WHO’s new guidelines for antiretroviral treatment Kenneth Mayer and Chris Beyrer’s Comment (July 27, p 287)1 on WHO’s new guidelines for antiretroviral therapy frames as all but inevitable “treatment as prevention”, now embraced by WHO. Absent from the gathering momentum for massive expansion of antiretroviral drug use is discussion of at least three important issues. First, problems of delivery of and adherence to lifelong treatment are acknowledged as mere challenges whereas both pose a central threat to the strategy’s success. Successful treatment, including avoiding drug resistance, depends on health systems that can find, treat, and retain patients. 2 Bolstering these systems, not treating the healthy, should receive priority. Next, treatment access remains far from assured and might become still more unequal. Even when treatment was recommended for individuals with more advanced HIV infection and CD4 cell counts below 350 cells per μL, in low-income and middleincome countries only 55% of those eligible for treatment received it.3 Economic woes of donor nations make uncertain further financial support that countries would require for treatment expansion. Thailand, a middle-income country with successful treatment programmes, reacted cautiously.4 Finally, the new recommendations are not evidencebased, a usual requirement for guideline change.5 The WHO advice is aimed largely at Africa, where most people with AIDS live and most Ministries of Health rely on WHO guidelines. WHO has a critical role as a non-partisan purveyor of treatment standards. Long a champion of primary health care and health systems strengthening, it seems WHO has

Cavallini James/BSIP/Science Photo Library

Polio emergence in Syria and Israel endangers Europe

Published Online November 8, 2013 S0140-6736(13)62220-5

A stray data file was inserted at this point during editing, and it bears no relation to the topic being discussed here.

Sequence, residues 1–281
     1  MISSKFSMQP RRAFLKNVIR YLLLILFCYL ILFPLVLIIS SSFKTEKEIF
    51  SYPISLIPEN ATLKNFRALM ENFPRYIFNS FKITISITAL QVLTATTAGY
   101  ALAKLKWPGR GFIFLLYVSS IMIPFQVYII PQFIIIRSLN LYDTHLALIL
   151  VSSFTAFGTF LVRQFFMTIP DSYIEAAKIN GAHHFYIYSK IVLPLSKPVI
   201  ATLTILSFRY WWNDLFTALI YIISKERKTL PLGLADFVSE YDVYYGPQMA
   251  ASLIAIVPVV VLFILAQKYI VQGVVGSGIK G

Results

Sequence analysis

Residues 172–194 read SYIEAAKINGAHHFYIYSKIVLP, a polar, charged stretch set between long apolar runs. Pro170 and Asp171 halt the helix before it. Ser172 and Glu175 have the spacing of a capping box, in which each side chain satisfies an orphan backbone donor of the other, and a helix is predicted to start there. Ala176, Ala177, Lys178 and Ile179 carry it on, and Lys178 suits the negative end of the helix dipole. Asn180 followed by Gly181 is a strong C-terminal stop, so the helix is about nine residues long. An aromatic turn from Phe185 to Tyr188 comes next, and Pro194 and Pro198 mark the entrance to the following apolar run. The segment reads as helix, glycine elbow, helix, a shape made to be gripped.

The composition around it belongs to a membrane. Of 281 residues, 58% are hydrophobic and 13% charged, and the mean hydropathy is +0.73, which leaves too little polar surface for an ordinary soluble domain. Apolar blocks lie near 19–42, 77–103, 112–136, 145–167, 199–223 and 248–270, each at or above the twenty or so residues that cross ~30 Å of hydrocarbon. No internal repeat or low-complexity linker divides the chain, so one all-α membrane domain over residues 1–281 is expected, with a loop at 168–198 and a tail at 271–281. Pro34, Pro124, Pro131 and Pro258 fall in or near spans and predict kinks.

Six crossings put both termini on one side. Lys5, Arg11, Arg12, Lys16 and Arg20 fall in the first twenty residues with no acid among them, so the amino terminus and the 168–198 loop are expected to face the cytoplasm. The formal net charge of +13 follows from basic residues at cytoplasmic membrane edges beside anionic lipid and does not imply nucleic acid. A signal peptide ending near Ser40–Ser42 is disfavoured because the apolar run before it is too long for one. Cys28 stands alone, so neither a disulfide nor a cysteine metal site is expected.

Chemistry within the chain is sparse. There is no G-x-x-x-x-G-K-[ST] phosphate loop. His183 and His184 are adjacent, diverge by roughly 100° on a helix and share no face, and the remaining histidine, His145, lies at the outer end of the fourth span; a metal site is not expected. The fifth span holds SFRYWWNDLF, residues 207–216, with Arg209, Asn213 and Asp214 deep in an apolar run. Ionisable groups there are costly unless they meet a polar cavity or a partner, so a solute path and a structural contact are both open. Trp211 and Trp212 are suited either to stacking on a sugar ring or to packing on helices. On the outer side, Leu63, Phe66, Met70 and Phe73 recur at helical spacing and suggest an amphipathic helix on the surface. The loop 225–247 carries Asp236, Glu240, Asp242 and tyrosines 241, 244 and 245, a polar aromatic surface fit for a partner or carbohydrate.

Submissions should be made via our electronic submission system at thelancet/



been dazzled by a medical model of unproven benefit. We declare that we have no conflicts of interest.

*Mary T Bassett, Karen Brudney [email protected] Doris Duke Charitable Foundation, African Health Initiative, New York, NY 10019, USA (MTB); and College of Physicians and Surgeons, Columbia University, New York, NY, USA (KB) 1





Mayer K, Beyrer C. WHO’s new HIV guidelines: opportunities and challenge. Lancet 2013; 382: 287–88. Kim JY, Farmer P, Porter ME. Redefining global health-care delivery. Lancet 2013; 382: 1060–69. Duncombe C, Ball A, Passarelli C, Hirnschall G. Treatment 2.0: catalyzing the next phase of treatment, care and support. Curr Opin HIV AIDS 2013; 8: 4–11. Bangkok Post. Government frets over new HIV treatment costs. WHO broadens scope in new guideline. July 1, 2013. http://www. new-hiv-treatment-guidelines-are-a-budgetburden (accessed July 31, 2013). De Cock KM, El-Sadr WM. When to start ART in Africa—an urgent research priority. N Eng J Med 2013; 368: 886–89.

The WHO guidelines for HIV treatment have been amended to start antiretroviral treatment (ART) at CD4 cell counts of 500 cells per μL or below (rather than 350) to reduce disease progression and transmission.1,2 By contrast, the test-and-treat model

Probability of eligibility for ART


*Patricia E Fast, Matt A Price, Wasima N Rida, Anatoli Kamali, Etienne Karita, on behalf of the International AIDS Vaccine Initiative (IAVI) African Early Infection Research


Group (for the IAVI Group, see appendix) 0·4

[email protected]


0 Number at risk Men I Women I Men II Women II



1·0 Years since EDI



327 227 327 227

139 113 171 137

81 71 115 106

55 53 94 80

39 39 70 59

Figure: Probability of individuals to be eligible for ART, by years since EDI Kaplan-Meier curves for endpoint I (time to first CD4 count ≤500 cells per μL) and endpoint II (time to first of two consecutive CD4 count ≤500 cells per μL) in men and women enrolled within 6 months of their EDI. ART=antiretroviral treatment. EDI=estimated date of HIV infection.


count within about 3 months. CD4 counts prior to 3 months post-EDI were excluded because CD4 cell count frequently drops then rebounds after acute infection. Individuals were censored at last visit prior to onset of antiretroviral therapy. 18 participants initiated ART before reaching CD4≤500 and thus were censored. 50% of newly infected African men reached CD4≤500 cells per μL within 6 months (IQR 3–13 months), using the definition of one CD4 count ≤500 cells per μL. Women reached eligibility later with a median time of 8 months (IQR 3–23 months; log-rank p

WHO's new guidelines for antiretroviral treatment.

WHO's new guidelines for antiretroviral treatment. - PDF Download Free
209KB Sizes 0 Downloads 0 Views